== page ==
Latics ready for a good second half at Huddersfield?

“I was disappointed that we dropped our intensity at the start of the second half and it started very much from the front…….Also the willingness to get on the ball dropped. We can’t hold the level for 90 minutes in certain positions – and that we have to address ….A football game isn’t 45 or 60 minutes, it’s 90-95, and we have to make sure we can play like we want for 95 minutes.”

Uwe Rosler was speaking with his usual openness about the flaws that were once again evident in his side’s performance, this time at Blackburn.

The first six league games have yielded just seven points for Latics, one less than Owen Coyle’s team had at this stage. Like Coyle’s team the current side has stayed unbeaten in its first three home games. But Coyle’s team started with an away win at Barnsley, before losing the next two on the road at Bournemouth and Leicester. This team has lost all three away games.

If the six league games played so far had finished at half time, Latics would be unbeaten with a record of W3 D3, having scored six goals and conceded one. However, they have lost all three matches so far in which the scores were level at half time. They have conceded seven goals in the second halves of their games, scoring only two. Latics certainly have been a first half team this season.

A win at Huddersfield would put Latics back into mid-table, within striking distance of the top six. Huddersfield have started the season poorly, with just one win so far. They have drawn one and lost two of their three home games. So is the scene set for Wigan to get their first away points of the season tomorrow?

Reading between the lines in what Rosler was saying the loss of intensity at Blackburn was started by the front players not closing down opposition defenders, then players not moving around to make themselves available to receive passes. The result was the Blackburn midfield receiving better service from defence and the Latics backline falling deeper. The cynics would say Scott Carson enjoys making those long kicks from his penalty box for the opposition defence to gobble up. Ali Al Habsi gets criticised for his poor kicking, but he is at least always looking for a teammate to throw the ball to. However, in Carson’s defence, if players are not moving to receive the ball his options are limited.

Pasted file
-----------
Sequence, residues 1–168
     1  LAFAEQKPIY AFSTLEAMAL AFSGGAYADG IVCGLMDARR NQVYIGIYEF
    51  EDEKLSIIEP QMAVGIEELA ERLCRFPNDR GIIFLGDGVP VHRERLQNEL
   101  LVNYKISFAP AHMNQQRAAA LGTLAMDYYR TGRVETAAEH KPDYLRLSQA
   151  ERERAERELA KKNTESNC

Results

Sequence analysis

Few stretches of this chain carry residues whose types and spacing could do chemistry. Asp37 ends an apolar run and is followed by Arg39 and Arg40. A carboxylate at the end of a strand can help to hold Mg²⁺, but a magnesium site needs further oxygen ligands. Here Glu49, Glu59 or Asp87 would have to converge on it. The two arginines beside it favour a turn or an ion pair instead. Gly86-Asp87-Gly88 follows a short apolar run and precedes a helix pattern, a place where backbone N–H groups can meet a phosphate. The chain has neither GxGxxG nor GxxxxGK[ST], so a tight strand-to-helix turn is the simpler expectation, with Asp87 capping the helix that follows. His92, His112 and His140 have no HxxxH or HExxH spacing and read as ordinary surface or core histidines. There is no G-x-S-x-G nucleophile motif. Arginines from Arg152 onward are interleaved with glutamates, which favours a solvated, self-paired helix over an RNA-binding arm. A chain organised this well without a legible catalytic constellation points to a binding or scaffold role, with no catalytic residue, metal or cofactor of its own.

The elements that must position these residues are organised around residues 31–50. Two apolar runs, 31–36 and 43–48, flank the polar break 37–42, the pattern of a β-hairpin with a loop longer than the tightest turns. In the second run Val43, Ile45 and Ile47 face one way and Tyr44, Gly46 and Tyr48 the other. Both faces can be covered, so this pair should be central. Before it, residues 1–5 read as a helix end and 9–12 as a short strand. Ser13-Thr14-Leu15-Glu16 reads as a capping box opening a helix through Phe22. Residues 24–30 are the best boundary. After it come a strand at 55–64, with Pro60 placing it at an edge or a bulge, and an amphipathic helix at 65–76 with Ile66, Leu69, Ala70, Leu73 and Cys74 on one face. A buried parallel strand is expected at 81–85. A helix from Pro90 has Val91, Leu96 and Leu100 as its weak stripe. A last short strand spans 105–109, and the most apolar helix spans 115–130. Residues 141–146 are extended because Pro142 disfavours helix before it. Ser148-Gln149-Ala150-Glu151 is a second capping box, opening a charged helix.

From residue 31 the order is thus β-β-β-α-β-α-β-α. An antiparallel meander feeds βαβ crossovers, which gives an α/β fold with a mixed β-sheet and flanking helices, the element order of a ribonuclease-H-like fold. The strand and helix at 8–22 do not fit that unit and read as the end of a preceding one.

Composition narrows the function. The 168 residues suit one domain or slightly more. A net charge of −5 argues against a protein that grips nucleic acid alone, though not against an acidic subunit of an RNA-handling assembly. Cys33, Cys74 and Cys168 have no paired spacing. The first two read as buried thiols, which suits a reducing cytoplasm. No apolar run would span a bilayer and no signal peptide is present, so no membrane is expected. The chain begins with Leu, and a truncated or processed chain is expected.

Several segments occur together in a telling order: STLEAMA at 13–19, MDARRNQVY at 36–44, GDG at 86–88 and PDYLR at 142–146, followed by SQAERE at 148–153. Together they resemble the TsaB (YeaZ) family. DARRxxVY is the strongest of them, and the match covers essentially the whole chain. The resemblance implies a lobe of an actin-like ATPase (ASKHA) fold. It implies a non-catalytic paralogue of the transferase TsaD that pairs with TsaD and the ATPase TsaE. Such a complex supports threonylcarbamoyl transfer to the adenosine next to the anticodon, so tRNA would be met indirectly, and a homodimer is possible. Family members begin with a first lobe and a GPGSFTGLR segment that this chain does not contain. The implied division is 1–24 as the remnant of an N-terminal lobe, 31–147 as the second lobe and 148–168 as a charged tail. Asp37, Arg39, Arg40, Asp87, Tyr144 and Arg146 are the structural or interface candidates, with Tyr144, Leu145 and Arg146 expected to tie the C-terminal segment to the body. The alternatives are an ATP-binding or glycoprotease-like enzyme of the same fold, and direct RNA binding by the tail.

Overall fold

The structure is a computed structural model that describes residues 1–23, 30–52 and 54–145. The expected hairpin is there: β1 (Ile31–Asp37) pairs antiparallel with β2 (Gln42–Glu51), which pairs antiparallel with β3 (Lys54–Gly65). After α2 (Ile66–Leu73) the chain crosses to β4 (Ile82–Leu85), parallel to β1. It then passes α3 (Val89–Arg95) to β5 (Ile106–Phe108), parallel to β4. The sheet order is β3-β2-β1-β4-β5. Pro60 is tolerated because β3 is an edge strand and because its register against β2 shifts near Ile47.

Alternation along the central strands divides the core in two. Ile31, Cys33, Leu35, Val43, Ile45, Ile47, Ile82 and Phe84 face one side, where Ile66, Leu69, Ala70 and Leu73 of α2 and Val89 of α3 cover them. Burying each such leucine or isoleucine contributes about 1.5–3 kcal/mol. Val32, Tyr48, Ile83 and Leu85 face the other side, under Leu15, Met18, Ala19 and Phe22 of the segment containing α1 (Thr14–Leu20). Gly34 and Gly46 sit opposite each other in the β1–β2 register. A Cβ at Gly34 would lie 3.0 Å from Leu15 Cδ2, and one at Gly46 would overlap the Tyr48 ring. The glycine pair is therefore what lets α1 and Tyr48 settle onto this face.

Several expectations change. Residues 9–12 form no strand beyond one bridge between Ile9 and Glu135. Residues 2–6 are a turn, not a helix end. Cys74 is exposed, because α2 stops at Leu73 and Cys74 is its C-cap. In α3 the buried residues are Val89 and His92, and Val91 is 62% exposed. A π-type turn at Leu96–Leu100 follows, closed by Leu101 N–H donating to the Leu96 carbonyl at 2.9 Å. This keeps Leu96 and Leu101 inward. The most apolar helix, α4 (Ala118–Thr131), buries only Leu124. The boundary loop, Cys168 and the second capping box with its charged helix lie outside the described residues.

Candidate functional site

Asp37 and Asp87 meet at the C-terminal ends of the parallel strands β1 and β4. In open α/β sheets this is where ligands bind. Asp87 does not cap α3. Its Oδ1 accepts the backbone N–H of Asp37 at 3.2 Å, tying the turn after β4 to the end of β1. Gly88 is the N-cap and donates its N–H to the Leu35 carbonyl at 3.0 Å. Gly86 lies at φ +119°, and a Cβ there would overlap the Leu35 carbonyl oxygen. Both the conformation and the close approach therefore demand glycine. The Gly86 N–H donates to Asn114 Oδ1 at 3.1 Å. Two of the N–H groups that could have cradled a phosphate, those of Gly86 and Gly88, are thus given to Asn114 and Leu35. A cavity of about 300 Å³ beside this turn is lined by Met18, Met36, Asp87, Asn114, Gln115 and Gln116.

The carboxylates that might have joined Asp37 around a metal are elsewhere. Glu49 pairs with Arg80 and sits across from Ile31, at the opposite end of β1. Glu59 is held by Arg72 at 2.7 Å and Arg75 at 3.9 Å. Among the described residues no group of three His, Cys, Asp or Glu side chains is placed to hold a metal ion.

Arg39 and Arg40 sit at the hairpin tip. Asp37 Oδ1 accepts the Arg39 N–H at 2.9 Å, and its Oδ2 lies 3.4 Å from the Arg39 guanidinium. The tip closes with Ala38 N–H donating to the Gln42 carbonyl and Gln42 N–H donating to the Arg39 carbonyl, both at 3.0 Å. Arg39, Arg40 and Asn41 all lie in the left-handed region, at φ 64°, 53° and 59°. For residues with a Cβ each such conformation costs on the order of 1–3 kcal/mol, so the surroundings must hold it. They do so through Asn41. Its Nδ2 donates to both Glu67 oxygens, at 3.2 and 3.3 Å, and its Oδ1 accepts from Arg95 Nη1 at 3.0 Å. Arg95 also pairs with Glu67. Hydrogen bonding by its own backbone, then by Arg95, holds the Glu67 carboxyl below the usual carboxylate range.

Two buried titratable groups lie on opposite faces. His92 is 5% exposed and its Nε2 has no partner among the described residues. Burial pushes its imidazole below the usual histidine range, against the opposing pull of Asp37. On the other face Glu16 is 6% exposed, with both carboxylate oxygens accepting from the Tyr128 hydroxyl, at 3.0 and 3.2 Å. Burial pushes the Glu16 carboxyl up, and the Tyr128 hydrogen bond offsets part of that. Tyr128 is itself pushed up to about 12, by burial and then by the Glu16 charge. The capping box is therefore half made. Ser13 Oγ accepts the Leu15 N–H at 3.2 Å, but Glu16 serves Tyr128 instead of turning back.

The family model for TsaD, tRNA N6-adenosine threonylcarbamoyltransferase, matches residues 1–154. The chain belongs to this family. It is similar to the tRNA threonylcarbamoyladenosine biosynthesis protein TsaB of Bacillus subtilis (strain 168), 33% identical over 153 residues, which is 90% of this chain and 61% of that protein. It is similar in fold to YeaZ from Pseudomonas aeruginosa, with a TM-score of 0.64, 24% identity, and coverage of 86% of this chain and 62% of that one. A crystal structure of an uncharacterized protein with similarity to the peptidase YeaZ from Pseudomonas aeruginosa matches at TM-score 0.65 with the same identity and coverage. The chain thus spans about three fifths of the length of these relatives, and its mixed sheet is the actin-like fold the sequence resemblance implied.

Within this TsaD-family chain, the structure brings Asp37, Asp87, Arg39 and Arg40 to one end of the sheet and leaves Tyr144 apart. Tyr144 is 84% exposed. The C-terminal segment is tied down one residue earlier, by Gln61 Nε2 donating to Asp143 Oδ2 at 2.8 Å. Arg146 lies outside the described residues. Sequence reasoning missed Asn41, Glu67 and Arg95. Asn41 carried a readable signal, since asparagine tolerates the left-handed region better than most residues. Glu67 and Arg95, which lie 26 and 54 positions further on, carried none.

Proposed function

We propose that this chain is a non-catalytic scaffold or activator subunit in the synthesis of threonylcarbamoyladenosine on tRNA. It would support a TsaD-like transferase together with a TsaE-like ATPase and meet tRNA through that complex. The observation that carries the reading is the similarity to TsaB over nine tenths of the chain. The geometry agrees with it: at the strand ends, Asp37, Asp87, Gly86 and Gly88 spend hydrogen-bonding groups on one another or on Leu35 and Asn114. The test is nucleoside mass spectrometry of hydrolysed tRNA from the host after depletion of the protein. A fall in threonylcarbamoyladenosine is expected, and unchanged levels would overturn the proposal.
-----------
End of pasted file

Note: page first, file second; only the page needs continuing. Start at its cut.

Were Latics to be able to play at full throttle for the 90 minutes-plus at Huddersfield a win would be on the cards. However, the manager seems caught between two stools. He wants to bring in his new players as soon as possible so that they can gel with their teammates, but all three have been short of match practice. On Saturday only William Kvist was remotely match fit and he only lasted 63 minutes. Andy Delort, who had not played a competitive game for weeks, was given the full 90 minutes. He was expected to press the opposition central defenders when they had the ball, together with doing all the onerous duties of a lone centre forward. Adam Forshaw was wisely only played for the final 10 minutes, given his lack of match fitness.

A player of the calibre of James McArthur is bound to be missed. It was evident at Blackburn. Moreover a central midfield of Don Cowie and William Kvist is not going to provide the kind of invention that Latics had when Auld Mac was there. Both are the kind of players who rarely get the plaudits, covering a lot of ground, making interceptions, winning tackles, making simple passes. Such types of player are essential in any effective and well balanced team.

In the long run we can expect the midfield to consist of either Cowie or Kvist in front of the centre of defence, with Forshaw on the right and Emyr Huws on the left. Chris McCann will eventually come back to challenge Huws for that left midfield position spot where he played so well last year. Ben Watson’s best position is probably in the centre of the midfield three, but he can also do a good job on the right. In the meantime Tim Chow, Roger Espinoza and Fraser Fyvie remain possibilities, but will never prove themselves without being given the chance. Neither will James Tavernier who can play at right back or midfield.

The backline of three central defenders was inevitably going to be tested against Gestede and Rhodes, but they looked ragged and uncoordinated at times in the second half. Perhaps Emmerson Boyce was suffering from his long trip to the Caribbean to play for Barbados, but he has not yet shown last season’s form. Ivan Ramis made some last gasp interceptions and put through some nice passes, but even he was looking short of composure by the end. Rob Kiernan will have to fight for his place, with Leon Barnett breathing down his neck, not to mention Thomas Rogne and Gary Caldwell.